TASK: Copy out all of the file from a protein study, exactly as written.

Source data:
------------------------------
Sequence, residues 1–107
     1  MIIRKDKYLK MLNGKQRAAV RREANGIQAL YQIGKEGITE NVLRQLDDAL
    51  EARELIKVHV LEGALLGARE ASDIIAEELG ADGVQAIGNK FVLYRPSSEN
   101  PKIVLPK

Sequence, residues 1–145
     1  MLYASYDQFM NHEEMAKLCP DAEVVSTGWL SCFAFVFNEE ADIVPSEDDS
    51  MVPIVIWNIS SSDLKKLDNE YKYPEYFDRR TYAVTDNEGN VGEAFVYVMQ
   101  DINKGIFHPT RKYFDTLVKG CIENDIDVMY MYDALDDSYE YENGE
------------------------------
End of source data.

Sequence, residues 1–107
     1  MIIRKDKYLK MLNGKQRAAV RREANGIQAL YQIGKEGITE NVLRQLDDAL
    51  EARELIKVHV LEGALLGARE ASDIIAEELG ADGVQAIGNK FVLYRPSSEN
   101  PKIVLPK

Sequence, residues 1–145
     1  MLYASYDQFM NHEEMAKLCP DAEVVSTGWL SCFAFVFNEE ADIVPSEDDS
    51  MVPIVIWNIS SSDLKKLDNE YKYPEYFDRR TYAVTDNEGN VGEAFVYVMQ
   101  DINKGIFHPT RKYFDTLVKG CIENDIDVMY MYDALDDSYE YENGE